Countering Radicalization and Violent Extremism: In addition to traditional security measures, Morocco's King Mohammed VI has promoted significant efforts to reduce extremism and dissuade individuals from becoming radicalized. At Ramadan, for example, the King hosted a series of religious lectures, inviting Muslim speakers from around the world to promote moderate and peaceful religious interpretations. In the past decade, and specifically following the Casablanca (2003) and Madrid (2004) terrorist bombings, Morocco has increasingly focused on countering youth radicalization, upgrading places of worship, modernizing the teaching of Islam, and strengthening the Ministry of Endowments and Islamic Affairs (MEIA). Begun in 2007 under the MEIA, the pioneering experiment of training and using women as spiritual guides continued. Morocco also formed a Council of Ulema for Europe to train and send Moroccan imams and women spiritual guides to counter extremist messages in Moroccan expatriate communities in Europe. In 2010, the MEIA turned its attention to the medium of television. On June 19, Morocco connected its 2,000 largest mosques to a new television network named "Assadisa," whose goal is to broadcast a tolerant version of Islam as part of the Ministry's drive to fight radicalism.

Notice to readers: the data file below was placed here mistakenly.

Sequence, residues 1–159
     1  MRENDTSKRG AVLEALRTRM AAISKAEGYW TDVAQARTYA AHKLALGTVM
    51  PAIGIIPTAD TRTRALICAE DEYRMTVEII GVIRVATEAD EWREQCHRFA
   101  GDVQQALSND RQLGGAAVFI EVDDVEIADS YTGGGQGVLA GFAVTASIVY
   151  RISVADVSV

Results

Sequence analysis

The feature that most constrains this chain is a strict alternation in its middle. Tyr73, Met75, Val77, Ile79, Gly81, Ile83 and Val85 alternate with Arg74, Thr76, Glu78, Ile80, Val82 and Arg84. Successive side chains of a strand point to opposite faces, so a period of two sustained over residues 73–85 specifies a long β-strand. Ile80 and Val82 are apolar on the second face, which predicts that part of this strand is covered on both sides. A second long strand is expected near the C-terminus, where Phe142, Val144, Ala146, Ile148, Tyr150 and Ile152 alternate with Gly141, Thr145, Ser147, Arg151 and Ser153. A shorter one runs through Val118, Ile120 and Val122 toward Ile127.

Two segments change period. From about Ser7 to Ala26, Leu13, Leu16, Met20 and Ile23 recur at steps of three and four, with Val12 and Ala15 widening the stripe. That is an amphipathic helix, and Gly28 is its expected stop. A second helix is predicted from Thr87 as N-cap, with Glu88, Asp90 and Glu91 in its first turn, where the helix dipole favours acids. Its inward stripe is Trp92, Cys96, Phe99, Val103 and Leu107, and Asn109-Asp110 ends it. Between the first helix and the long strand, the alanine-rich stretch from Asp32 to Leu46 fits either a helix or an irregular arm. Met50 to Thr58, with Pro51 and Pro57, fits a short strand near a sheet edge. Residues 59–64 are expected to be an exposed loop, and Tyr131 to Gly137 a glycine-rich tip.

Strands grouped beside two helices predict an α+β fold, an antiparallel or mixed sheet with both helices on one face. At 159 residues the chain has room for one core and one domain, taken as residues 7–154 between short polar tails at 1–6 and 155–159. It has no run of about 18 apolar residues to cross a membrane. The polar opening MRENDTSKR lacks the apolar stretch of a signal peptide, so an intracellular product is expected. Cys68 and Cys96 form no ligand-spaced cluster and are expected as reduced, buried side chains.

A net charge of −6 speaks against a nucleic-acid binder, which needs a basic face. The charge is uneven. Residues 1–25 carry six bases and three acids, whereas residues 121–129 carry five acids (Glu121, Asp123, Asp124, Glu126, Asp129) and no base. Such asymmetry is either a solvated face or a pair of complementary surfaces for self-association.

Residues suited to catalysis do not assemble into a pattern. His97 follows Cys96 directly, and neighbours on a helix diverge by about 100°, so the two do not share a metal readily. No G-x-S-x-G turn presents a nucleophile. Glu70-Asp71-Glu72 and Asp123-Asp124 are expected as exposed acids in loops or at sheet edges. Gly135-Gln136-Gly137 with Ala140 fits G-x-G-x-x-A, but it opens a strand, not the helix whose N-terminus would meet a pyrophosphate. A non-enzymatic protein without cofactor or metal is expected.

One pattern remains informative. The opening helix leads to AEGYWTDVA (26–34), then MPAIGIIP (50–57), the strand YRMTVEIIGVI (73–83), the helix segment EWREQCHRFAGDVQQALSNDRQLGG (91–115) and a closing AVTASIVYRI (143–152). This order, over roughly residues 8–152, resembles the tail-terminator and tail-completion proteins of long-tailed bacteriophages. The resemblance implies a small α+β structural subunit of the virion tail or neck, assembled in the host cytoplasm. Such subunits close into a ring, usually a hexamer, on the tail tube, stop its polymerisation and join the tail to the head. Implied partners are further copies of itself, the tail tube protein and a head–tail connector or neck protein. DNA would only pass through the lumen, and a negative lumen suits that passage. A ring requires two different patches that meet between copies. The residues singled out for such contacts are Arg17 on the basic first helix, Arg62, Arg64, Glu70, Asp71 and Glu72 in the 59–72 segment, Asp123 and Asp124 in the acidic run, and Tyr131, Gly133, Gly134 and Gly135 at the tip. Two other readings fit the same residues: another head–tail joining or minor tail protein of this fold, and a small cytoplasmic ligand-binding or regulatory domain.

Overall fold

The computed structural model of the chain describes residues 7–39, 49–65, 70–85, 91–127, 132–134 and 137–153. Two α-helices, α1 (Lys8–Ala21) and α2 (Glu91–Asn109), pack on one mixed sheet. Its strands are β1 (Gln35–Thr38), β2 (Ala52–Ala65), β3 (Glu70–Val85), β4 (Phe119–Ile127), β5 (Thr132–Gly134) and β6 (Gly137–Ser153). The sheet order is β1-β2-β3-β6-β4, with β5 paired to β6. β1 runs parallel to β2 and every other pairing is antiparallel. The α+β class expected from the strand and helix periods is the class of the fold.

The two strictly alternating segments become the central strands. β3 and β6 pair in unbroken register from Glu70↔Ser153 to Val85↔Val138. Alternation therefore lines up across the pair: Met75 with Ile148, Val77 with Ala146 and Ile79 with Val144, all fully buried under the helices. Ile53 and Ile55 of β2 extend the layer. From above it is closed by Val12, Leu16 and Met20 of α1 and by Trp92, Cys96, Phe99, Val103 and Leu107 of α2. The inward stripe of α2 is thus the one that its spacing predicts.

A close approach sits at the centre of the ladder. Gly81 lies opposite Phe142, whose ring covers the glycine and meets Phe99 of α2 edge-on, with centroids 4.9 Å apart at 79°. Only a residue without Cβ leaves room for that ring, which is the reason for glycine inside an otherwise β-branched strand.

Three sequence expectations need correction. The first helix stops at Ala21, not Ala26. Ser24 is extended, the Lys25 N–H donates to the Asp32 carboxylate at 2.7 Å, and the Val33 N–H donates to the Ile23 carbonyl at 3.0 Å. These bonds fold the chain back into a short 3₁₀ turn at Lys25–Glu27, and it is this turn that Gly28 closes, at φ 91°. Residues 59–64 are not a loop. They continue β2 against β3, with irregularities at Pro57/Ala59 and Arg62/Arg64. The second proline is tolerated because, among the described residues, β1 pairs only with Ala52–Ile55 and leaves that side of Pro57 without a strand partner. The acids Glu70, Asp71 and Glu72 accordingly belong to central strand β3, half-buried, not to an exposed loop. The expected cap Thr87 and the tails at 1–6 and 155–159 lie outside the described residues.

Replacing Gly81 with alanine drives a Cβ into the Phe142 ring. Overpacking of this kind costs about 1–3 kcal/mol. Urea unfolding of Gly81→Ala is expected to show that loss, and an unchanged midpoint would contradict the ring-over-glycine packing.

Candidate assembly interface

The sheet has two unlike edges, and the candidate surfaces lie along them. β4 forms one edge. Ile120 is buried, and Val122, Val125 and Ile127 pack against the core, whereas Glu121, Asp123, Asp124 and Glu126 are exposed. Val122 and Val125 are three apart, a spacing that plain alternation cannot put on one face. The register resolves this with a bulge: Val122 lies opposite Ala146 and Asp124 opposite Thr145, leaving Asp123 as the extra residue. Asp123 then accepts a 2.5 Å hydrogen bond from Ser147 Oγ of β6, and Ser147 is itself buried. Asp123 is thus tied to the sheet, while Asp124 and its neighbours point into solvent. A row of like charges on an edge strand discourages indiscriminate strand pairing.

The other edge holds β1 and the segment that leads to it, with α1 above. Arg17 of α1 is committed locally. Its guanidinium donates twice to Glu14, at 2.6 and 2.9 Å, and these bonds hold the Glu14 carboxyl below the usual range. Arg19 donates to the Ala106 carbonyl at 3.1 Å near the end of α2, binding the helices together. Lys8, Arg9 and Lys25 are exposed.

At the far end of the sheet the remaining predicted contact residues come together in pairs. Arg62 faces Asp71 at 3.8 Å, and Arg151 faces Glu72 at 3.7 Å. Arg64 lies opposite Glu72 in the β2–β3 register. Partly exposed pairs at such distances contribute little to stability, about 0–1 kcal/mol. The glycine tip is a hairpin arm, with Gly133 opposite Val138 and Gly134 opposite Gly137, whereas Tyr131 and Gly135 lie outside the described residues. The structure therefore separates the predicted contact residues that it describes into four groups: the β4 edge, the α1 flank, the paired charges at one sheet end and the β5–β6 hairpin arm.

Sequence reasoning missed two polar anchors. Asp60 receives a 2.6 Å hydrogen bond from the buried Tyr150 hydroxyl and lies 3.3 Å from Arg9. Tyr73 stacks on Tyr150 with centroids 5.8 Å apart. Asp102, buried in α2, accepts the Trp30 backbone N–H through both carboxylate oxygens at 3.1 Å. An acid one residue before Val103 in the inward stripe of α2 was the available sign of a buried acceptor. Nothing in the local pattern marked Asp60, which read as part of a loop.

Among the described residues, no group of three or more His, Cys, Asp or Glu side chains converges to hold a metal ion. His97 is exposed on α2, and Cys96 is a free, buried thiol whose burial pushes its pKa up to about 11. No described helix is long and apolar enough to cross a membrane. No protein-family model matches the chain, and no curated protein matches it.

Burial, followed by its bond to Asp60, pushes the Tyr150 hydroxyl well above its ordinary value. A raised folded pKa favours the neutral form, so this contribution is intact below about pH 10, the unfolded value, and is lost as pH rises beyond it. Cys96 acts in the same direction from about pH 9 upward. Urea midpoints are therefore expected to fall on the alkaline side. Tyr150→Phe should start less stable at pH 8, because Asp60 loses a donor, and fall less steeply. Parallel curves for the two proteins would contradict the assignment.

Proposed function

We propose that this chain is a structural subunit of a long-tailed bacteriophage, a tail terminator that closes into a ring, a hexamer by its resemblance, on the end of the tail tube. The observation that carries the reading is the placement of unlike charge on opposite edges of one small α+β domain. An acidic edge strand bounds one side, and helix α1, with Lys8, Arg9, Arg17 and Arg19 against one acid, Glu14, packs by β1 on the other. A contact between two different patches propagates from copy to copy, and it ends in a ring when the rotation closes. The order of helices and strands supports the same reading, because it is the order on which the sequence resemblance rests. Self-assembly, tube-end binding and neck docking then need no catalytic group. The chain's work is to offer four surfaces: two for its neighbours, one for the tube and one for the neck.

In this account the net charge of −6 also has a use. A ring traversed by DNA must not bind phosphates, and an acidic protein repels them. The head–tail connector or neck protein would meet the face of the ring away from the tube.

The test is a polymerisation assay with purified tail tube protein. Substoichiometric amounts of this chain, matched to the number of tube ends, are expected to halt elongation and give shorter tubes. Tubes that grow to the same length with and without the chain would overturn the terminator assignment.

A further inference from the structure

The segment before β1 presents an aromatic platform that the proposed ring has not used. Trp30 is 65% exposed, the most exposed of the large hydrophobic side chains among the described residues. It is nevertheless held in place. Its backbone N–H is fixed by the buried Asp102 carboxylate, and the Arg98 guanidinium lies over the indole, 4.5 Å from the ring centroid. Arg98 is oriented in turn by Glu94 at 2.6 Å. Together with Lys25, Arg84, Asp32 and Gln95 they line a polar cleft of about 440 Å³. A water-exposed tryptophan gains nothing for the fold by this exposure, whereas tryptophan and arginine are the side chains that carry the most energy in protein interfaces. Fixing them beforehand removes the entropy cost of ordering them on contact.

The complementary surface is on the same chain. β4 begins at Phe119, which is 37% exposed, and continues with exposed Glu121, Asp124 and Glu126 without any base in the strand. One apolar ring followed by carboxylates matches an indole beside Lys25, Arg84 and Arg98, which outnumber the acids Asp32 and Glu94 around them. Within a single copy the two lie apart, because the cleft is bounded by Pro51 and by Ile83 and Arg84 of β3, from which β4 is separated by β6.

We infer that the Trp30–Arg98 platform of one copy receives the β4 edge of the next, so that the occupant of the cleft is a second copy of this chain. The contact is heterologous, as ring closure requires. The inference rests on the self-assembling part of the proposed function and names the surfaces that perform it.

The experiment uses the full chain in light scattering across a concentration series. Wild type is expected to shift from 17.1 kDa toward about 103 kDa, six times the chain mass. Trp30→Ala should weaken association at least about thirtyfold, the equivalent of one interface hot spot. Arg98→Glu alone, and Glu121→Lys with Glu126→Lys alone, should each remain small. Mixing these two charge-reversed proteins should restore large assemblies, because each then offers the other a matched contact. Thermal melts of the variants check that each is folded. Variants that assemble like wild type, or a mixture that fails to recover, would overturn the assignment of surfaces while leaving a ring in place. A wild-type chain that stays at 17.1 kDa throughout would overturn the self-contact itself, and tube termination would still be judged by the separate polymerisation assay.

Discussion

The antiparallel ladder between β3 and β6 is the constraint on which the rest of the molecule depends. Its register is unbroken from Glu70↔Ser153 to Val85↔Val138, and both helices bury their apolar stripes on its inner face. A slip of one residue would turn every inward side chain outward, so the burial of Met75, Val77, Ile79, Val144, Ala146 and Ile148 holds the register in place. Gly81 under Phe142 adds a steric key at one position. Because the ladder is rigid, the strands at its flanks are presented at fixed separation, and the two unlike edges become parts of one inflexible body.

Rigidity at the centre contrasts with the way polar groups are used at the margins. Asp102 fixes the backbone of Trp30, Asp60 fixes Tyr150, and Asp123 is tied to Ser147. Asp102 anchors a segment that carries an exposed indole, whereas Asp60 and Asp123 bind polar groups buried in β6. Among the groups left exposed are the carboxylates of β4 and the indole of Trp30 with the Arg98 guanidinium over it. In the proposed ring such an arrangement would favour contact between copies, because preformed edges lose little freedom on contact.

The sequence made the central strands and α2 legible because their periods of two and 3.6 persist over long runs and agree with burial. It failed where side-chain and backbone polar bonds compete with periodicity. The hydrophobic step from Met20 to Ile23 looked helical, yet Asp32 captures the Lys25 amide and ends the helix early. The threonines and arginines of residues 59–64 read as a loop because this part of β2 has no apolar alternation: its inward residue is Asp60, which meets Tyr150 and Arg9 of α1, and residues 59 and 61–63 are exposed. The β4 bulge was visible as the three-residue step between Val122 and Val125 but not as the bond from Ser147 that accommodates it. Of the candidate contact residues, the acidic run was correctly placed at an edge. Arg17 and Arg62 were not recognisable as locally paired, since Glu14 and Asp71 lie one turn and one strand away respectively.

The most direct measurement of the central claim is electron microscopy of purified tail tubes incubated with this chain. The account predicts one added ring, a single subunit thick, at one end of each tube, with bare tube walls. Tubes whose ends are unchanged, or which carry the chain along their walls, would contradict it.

In 2010, the Moroccan government continued to implement internal reforms aimed at ameliorating the socio-economic factors that terrorists exploit. The National Initiative for Human Development, launched by the King in 2005, is a $1.2 billion program designed to generate employment, combat poverty, and improve infrastructure, with a special focus on rural areas.
With regard to Morocco's efforts to counter youth radicalization, Morocco has accelerated its rollout of education and employment options for youth, and expansion of legal rights and political empowerment for women. The United States worked closely with the Government of Morocco and key Moroccan civil society organizations to support this initiative through innovative assistance programs including a new USAID/INL program to work with youth in prison, recently released from prison, and marginalized youth at-risk of going to prison. The program also included a significant juvenile justice reform component.